An Amtrak train traveling from Chicago to the Pacific Northwest derailed in a remote part of Montana on Saturday afternoon, killing three people and hospitalizing five others, authorities said.
Eight cars from Amtrak’s Empire Builder train 7/27 headed westbound to Seattle/Portland derailed at about 4 p.m. near Joplin, a town about 30 miles south of the Canadian border with a population of about 150 people, Amtrak said.
The train consisted of two locomotives and 10 cars and there were about 141 passengers and 16 crew members on board, Amtrak said in an additional statement Sunday, clarifying previous figures provided.
“We are deeply saddened to learn local authorities are now confirming that three people have lost their lives as a result of this accident. There are also reported injuries among the passengers and crew members travelling on the train. Amtrak is working with the local authorities to transport those who were injured to medical care, and to safely evacuate everyone else at the scene,” said the statement.
The injured were treated at Benefis Hospital in Great Falls, while others who were injured have been treated and released from a variety of local hospitals, said Sarah Robbin, the disaster and emergency services coordinator for Liberty County.
Megan Vandervest, a passenger on a sleeper car on the train, had been taking a nap when the derailment jolted her awake.
“I would describe the experience as kind of extreme turbulence on an airplane but louder, and there was kind of a lot of smoke smell. The first thought I really had when I woke up was, ‘Oh my God we’re derailing,’” she told CNN.
“It was probably 10 or 15 seconds of rocking back and forth and tons of noise, and then we came to a stop. Really we didn’t know what was going on for a couple minutes.”
Vandervest said she was evacuated within 10 minutes of the incident and only then understood the extent of the damage.
“We kind of thought maybe the car behind us had slightly come off or something like that, but it ended up being much, much worse and a lot more jarring to see when we got off the train,” she said. “The car behind ours was slightly off and then the one behind that was kind of in between two sets of railroad tracks, and the one behind that one had like completely tipped over and fallen over and that was kind of the most shocking part.”
Injured passengers were taken by ambulance to the towns of Havre, Shelby, Great Falls and Fort Benton, and those who were in critical condition were flown for treatment, said Amanda Frickel, the disaster and emergency services coordinator for Hill County.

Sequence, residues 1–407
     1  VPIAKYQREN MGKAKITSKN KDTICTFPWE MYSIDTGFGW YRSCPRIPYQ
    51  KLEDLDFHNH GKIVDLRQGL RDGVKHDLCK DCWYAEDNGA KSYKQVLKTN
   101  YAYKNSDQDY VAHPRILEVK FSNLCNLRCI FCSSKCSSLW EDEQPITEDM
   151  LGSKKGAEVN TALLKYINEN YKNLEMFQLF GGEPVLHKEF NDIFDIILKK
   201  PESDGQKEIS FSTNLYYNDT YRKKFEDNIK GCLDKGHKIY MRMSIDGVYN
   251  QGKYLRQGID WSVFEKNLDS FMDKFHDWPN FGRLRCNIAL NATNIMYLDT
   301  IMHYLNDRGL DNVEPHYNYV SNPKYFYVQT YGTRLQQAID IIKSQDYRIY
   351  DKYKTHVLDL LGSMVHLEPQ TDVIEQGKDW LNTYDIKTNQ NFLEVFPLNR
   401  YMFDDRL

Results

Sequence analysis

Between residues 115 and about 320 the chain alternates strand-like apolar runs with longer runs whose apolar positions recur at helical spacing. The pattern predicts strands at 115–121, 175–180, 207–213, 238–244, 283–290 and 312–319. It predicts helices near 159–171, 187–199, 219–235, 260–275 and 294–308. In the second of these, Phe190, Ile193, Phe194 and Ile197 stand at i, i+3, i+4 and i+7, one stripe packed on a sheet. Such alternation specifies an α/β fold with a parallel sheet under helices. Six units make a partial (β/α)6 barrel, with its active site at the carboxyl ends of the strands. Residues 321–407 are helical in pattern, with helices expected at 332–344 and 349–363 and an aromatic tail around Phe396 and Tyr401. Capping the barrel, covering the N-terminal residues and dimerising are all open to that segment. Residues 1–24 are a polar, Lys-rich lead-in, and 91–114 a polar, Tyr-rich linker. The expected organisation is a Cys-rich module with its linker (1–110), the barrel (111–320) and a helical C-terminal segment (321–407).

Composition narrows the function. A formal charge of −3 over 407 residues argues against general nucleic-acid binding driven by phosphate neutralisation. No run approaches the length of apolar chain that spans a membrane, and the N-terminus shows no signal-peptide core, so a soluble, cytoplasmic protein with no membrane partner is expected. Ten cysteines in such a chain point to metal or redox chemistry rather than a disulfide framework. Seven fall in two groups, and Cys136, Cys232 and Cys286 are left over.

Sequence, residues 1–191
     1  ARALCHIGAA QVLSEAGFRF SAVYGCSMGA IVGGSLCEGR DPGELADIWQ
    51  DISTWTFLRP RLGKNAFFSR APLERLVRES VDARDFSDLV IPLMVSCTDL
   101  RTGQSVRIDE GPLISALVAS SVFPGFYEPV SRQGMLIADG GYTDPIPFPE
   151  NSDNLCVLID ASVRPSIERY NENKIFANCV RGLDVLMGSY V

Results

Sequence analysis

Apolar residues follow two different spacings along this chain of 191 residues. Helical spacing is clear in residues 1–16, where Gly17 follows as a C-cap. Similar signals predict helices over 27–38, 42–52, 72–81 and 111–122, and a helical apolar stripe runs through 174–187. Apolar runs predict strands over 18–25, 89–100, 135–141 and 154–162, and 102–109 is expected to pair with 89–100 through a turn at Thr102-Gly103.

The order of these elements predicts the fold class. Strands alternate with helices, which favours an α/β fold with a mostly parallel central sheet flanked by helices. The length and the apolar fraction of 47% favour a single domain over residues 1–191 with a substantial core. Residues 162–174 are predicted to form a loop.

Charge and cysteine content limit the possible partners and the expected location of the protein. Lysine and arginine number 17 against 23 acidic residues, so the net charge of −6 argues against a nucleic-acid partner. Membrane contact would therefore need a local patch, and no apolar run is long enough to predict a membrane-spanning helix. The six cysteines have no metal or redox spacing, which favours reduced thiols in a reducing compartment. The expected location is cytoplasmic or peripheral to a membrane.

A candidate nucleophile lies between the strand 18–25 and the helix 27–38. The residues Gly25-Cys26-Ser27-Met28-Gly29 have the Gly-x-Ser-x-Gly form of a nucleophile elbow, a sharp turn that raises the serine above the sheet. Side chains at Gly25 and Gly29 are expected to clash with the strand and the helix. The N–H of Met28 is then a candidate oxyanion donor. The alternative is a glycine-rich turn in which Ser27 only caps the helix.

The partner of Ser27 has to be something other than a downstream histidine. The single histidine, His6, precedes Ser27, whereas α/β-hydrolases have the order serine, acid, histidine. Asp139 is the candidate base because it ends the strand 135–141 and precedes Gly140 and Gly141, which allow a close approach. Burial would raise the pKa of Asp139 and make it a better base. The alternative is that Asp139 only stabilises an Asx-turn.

“The passengers that were able to be transported from the derailment to the shelters were accounted for, fed, (and) given meds if theirs were lost or missing,” Frickel said in a text message to CNN. “Then they were safely bussed to Shelby MT for the evening.”
The National Transportation Safety Board said on Monday it is reviewing on-board video as well as data from the train’s “black box.”
NTSB Vice Chair Bruce Landsberg said a team of 14 investigators and experts on the ground in Joplin will review train 7/27’s front-facing video as well as video from the same vantage point on a freight train that passed through the area almost an hour and a half before the derailment.
“We don’t know at that this point whether it was a track issue or an issue with the train, so all of these things are open,” Landsberg said. “There’s a lot of ground to cover and there is significant damage, so our experts are going to be really looking at that.”
Landsberg says train data shows it traveling between 75 and 78 miles per hour before it departed a right-curving section of track where the speed limit was 79 miles per hour.
Investigators will interview the train’s crew as well as BNSF Railway track inspectors who conducted an inspection where the eight of the train’s 10 cars left the tracks.
The Empire Builder travels between Chicago-St.Paul/Minneapolis-Spokane-Portland/Seattle, according to Amtrak’s website, and offers passengers a chance to “experience the rugged splendor of the American West.”
“Traveling between Chicago and the Pacific Northwest along major portions of the Lewis and Clark Trail, the mighty Empire Builder takes you on an exciting adventure through majestic wilderness, following in the footsteps of early pioneers,” the website adds.
Correction: An earlier version of this story misspelled the last name of Megan Vandervest.
CNN’s Pete Muntean, Gregory Clary and Ric Ward contributed to this report.